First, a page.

On Thursday afternoon, while I was otherwise engaged, DH took them to visit the wind-farm on the hills across the valley from us. Mid-Wales is home to an increasing number of wind-farms, and the rate of growth is proving to be more than a little controversial. For what it’s worth, DH and I don’t have a problem with this, but I realise it isn’t a view shared by everyone.
This particular wind-farm is one of the longest-established in the area, and when it was opened in 1993, it was the largest in
Europe. By today’s standards, however, its output is modest and it is due to be rebuilt, but the present turbines still managed to awe our two talkative grandsons into silence.
On Saturday, after we had been joined by DD and her husband, we went to visit one of my favourite local beauty-spots, in the heart of the Hafren Forest. The forest takes its name from Afon Hafren (River Severn) which rises less than a mile outside its western boundary, high on the slopes of Pumlumon, the highest mountain in Mid-Wales.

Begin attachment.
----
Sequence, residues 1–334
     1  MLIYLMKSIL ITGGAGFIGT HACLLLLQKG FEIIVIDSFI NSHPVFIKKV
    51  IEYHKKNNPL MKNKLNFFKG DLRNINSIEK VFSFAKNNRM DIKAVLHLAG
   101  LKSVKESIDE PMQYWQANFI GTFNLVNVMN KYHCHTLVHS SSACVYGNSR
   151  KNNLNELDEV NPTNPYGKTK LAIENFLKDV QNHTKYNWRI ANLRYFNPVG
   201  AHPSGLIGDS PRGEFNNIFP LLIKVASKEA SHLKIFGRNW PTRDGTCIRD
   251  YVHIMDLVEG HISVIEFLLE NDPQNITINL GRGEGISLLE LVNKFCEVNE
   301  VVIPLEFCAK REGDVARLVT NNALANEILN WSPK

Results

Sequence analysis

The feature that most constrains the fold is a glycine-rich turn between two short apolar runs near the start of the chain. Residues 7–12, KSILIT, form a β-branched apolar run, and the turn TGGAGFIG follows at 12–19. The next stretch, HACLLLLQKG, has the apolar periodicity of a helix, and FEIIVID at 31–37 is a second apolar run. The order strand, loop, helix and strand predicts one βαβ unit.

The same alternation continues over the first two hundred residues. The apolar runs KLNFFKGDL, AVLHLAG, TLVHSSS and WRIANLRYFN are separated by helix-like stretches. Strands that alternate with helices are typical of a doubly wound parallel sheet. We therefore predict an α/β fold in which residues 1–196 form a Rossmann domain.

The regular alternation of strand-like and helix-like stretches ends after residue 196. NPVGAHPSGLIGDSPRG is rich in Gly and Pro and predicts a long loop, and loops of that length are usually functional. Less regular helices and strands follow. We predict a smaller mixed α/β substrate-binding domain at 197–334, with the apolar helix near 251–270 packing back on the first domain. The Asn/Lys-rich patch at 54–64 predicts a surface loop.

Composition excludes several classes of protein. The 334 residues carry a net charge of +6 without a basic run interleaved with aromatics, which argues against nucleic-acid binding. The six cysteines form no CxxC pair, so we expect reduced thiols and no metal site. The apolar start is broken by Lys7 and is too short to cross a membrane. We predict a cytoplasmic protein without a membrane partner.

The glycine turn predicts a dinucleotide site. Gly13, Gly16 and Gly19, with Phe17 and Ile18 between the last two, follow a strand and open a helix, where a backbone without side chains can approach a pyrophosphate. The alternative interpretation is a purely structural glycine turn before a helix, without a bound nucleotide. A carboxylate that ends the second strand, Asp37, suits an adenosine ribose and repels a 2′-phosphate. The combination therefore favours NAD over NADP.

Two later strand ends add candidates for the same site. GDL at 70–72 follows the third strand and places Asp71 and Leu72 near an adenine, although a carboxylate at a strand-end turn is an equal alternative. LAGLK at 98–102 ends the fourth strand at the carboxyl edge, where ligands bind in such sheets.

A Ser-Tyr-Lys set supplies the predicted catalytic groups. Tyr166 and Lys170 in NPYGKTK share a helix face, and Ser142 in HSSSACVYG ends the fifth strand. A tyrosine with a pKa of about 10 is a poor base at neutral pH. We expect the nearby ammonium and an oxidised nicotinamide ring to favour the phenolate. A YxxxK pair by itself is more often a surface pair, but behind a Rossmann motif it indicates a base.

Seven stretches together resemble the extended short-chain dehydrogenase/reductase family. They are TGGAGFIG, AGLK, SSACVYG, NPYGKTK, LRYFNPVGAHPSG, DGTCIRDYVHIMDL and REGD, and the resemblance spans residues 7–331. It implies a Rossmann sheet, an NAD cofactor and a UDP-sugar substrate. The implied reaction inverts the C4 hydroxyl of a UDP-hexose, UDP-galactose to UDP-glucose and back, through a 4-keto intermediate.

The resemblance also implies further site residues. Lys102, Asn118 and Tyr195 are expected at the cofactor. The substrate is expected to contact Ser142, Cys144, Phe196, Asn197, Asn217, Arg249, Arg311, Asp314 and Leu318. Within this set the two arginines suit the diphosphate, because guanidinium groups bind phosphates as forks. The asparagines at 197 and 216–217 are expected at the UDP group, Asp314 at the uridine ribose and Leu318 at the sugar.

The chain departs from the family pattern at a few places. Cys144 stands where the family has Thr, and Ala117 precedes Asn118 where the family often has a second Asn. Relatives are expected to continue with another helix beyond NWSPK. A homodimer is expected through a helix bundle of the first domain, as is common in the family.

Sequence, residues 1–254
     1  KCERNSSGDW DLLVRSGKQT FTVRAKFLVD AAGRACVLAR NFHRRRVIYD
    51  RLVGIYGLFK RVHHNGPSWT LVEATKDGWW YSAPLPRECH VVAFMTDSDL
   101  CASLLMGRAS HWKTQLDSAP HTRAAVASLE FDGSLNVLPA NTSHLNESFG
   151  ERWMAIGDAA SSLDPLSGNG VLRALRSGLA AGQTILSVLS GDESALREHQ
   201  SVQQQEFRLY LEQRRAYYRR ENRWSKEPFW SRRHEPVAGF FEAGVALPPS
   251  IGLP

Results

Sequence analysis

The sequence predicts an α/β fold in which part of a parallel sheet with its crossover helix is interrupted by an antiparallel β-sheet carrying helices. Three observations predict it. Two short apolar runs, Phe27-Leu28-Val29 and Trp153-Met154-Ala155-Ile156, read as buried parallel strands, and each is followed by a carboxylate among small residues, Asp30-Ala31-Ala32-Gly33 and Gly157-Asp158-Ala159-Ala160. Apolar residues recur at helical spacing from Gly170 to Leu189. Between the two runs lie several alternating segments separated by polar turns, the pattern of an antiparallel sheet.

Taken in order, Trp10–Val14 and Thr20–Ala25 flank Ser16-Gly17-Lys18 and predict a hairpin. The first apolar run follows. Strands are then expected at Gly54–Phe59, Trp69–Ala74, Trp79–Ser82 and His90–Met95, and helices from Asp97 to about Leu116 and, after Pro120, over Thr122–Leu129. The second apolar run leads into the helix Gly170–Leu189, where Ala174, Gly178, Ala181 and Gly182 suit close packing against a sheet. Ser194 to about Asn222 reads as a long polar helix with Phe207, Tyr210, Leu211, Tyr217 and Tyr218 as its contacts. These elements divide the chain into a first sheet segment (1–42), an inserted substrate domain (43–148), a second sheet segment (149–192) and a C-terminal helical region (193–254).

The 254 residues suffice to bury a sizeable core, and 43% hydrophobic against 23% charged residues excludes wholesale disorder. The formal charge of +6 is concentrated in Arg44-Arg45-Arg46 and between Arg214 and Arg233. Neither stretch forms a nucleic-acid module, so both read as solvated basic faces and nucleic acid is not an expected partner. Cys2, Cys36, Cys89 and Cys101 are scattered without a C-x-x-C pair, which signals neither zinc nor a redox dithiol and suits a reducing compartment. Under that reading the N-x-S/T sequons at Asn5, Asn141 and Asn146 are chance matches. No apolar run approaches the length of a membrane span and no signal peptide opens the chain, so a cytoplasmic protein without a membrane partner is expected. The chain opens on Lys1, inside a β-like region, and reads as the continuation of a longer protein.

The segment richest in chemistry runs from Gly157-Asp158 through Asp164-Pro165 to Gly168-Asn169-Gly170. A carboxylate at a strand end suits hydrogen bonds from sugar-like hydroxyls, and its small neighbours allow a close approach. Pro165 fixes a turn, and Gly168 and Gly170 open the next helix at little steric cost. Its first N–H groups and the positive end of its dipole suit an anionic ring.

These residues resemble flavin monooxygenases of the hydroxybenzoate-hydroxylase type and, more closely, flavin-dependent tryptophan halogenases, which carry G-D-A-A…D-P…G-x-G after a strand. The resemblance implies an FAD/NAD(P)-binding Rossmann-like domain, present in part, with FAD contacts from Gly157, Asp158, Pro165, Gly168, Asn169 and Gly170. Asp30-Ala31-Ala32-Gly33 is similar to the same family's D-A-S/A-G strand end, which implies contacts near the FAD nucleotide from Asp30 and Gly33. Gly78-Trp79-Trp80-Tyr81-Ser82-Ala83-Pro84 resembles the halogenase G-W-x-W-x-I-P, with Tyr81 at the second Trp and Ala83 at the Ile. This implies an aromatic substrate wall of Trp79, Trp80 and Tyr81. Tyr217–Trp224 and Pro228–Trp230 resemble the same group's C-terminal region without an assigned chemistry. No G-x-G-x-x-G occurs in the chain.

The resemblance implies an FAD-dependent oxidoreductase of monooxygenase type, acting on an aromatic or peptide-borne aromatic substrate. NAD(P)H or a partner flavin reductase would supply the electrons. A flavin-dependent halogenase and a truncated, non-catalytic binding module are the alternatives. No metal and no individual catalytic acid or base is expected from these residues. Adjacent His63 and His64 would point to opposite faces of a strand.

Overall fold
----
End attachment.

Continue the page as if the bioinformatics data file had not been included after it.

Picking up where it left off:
After our picnic lunch we went for a wonderful walk alongside the infant
Severn, which at this point on its journey to the sea tumbles over a series of small, rocky waterfalls, known as the Cascades.
Years ago the Forestry Commission installed a board-walk along the boggy river-bank, to enable even those with limited mobility to enjoy this extraordinarily beautiful spot, as well as waymarking a series of walks through the forest to satisfy all levels of energy and fitness.
DH and I contented ourselves with a modest stroll, and while DD and her family went off for something a little more strenuous, we walked back to the boardwalk to sit by the river and contemplate the beauty to be found so very close to home.
Once I've tidied up after the visit and gathered my thoughts, I will share more of my trip to